All of this has been placed on my heart, and I think it will last way beyond 2013. I think this will be something I desire as long as I live. How exciting is that? Between you and me, internet, I want to build a ministry of worth. Where those who feel forgotten and unworthy can come to be filled up and built up and leave feeling like they are the most special person on the planet. But that’s just between us. Don’t go telling everyone now. (:


P.S. I realised, after thinking more about it….that I don’t want to distinguish between my Christian and non-Christian sisters. We are all God’s children, and I don’t want to differ in how I treat them. So I’m not going to. (:

A picture really is worth a thousand words

Today I was desperately looking for something to do to procrastinate. I began looking through the pictures on my laptop, then realised that I had lots of picture sorting to do and a USB stick I’d set aside for that very purpose. And so my time was taken up with deleting pictures, transferring them to the USB for storage and picking which ones would stay on my laptop for whenever I felt like looking at them. I think some time I’d like to do an online scrapbook/photo album of all the pictures from my four years at university; I have a scrapbook from first year but not from any of the other years.

Looking back at the pictures brought on a variety of emotions, the principal one being nostalgia. I re-lived many of the events I’d taken pictures of, which were sometimes funny and sometimes sad and sometimes it took me forever to recall where a picture was from. The pictures are all of happy, smiling faces, and I think that’s how I’d like to recall my time at university. Despite the stress of work, and the hard times, it’s been such a mind-blowingly epic experience! It was hilarious looking back at the photos and being shocked at how much people had changed; how much I’d changed. It was amazing seeing photos of people who have since then become an integral part of my life. Some of my friendships are portrayed in photo form, beginning with awkward standing together shots from first year and progressing through drunken nights out and many bad quality eyes-half-closed-not-really-sure-what’s-going-on pictures until finally there are photos from fourth year where we just look so comfortable together. Nothing to prove, nobody to impress, just content in each others’ company.

Pictures are also amazing motivational tools. So many times I found myself thinking ‘I used to love this about me when this photo was taken…time to get it back!’ So many photos of me training for Race for Life, when exercising was actually something I enjoyed. Photos of cupcakes, of dinner parties, of nights in. I think there’s a change that happens through the four years at uni that is very similar for many people…first year, you drink. Drink drink drink. Barely any work; just enough to pass. Second year, you get a bit more stressed because you have to get into honours but you still have many nights out, which become more fun because you’re surrounded by people you know now whilst still having the excitement of meeting loads of new people. That’s also when ‘office drama’ begins, as you discover you actually don’t like some people and relationships begin and end and everyone gets slightly more mature and focuses on more than drinking. Third year, you get crazy stressed about work and going out mid-week becomes unacceptable; you are stunned and speechless whenever someone admits to going to the Union on a weekday. But because you’re putting in so much effort your nights out on a weekend get crazy as you blow off all the steam from not seeing a soul all week. Your friendship group narrows remarkably because it’s just too much effort keeping up with everyone you met in freshers of first year and you begin to develop very deep friendships with people. You gather a close circle of people you trust and whom you spend all your time with, although occasionally you still see people who aren’t quite as good friends.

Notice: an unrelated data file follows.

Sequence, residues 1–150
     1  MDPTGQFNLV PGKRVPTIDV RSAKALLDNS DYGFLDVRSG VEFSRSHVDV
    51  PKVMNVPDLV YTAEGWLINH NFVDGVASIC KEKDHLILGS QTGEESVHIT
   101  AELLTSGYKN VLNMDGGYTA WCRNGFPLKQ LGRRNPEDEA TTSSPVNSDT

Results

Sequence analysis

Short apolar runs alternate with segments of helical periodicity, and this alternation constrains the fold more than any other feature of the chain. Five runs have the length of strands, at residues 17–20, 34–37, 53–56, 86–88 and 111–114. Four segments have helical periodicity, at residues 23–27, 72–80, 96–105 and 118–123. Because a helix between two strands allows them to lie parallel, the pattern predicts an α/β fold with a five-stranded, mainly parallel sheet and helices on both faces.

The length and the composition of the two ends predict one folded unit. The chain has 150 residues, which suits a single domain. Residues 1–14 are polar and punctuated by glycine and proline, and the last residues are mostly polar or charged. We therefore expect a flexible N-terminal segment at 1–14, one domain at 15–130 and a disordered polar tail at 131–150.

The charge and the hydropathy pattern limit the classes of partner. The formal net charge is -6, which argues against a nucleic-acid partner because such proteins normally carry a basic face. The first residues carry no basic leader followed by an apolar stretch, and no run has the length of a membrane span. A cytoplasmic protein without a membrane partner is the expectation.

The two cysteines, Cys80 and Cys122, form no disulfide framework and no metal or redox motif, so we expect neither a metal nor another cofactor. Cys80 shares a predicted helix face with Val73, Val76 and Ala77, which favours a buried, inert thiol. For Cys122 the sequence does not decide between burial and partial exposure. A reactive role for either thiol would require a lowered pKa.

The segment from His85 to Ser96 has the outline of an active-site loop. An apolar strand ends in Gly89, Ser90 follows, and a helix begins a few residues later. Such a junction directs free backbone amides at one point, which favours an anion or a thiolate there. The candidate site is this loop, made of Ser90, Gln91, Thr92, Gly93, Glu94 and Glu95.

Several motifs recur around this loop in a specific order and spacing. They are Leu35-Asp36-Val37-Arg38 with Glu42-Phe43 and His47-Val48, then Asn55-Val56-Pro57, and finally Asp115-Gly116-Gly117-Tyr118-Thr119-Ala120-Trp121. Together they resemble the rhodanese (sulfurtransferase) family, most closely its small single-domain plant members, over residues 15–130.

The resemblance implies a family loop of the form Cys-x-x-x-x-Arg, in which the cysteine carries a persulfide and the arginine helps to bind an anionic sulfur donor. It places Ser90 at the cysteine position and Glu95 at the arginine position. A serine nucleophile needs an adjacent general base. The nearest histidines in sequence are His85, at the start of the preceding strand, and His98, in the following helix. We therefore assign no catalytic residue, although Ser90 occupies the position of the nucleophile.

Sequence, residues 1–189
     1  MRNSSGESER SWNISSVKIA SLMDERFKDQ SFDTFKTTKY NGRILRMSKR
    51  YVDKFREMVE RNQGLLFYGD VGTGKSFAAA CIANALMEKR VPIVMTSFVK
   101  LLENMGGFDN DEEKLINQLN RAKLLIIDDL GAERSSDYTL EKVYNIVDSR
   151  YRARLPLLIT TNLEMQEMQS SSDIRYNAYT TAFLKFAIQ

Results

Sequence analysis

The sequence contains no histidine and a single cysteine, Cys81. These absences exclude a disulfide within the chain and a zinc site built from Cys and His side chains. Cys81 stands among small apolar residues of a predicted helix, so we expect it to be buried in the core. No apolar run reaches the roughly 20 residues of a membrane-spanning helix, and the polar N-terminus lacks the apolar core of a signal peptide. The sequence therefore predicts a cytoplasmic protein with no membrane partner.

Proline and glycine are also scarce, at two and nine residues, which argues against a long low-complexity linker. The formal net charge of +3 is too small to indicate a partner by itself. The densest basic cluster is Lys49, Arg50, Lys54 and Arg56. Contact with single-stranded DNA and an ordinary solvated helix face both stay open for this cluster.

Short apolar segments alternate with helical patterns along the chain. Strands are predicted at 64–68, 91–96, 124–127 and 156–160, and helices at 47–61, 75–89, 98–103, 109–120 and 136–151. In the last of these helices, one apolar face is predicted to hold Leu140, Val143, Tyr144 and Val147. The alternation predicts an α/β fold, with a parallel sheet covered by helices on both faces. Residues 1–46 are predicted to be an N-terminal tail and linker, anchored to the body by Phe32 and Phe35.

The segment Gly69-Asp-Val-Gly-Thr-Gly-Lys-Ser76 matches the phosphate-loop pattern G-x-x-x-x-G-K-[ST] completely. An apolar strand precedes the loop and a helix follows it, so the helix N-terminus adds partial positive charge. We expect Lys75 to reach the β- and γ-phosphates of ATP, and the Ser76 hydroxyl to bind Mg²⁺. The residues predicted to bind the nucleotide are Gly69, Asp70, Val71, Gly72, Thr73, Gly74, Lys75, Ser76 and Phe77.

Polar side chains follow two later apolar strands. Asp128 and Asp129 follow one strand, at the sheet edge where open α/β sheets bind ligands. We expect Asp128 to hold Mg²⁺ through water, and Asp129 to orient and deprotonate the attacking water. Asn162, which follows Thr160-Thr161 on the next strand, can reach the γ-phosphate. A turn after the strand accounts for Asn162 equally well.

And fourth year? Well, that remains to be seen. You definitely become an old person who can’t stand the thought of having to go out – you’d rather stay in and have a glass of wine whilst watching a good film. If you do go out, and you’re a girl, you carry a pair of flats with you for the walk home. (That would have been UNHEARD OF in first year; I remember walking back to halls so many times in so much pain I think the only thing stopping me taking my heels off was the fact I had enough alcohol in my system to believe I could stand the pain.) You actually visit the top floor of the library on a regular basis. Suddenly you’re super stressed, not with work but with the dreaded ‘so what are you going to do next year?’ question. In terms of work, you gain this attitude of ‘I actually couldn’t care less any more. I’m exhausted and fed up of essays and I just want to be done and out of here.’ Yet you try and be as social as you can because you know that in a few short months, you WILL be done and suddenly you won’t be 10 minutes walk away from anyone you want to go visit. You might be an 14 hour flight away. And people will drop off the radar; some people you are close to now will vanish from your life and you’ll wonder where they’ve gone. A chapter will end, and a new one, your grown up life (pahahahaha) will begin. And all you’ll have left of those people who laughed with you, drank with you, inspired you and came with you on this crazy experience called university will be the photos you thought to take. Never thinking at the time that they would become so precious to you.

2013 is the year I graduate. The year my scary grown up life begins. The year I leave behind everything I know and step out of my comfort zone into new and unexplored territory. New continent (hopefully). New language (hopefully). 2013 is the year I aim to fully appreciate every single person that is in my life, right now. I want to make the most of every opportunity I have left at university; to say ‘yes’ even when I’m hesitant, to do crazy things, to hang out with people I don’t usually hang out with, to throw many dinner parties and bake all the time and go running just for the heck of it. I think most people become frozen in fourth year because they’re terrified of all the work, the responsibilities, the job hunting…but I want to LIVE. To not look back on my last year and think ‘Well, I did good grade-wise, but I wish I’d been here and done this…’ but to leave in June knowing that my four years were full of laughs and once-in-a-lifetime experiences and to store all of that in my heart as I move away from it. And to store it all in photos, too.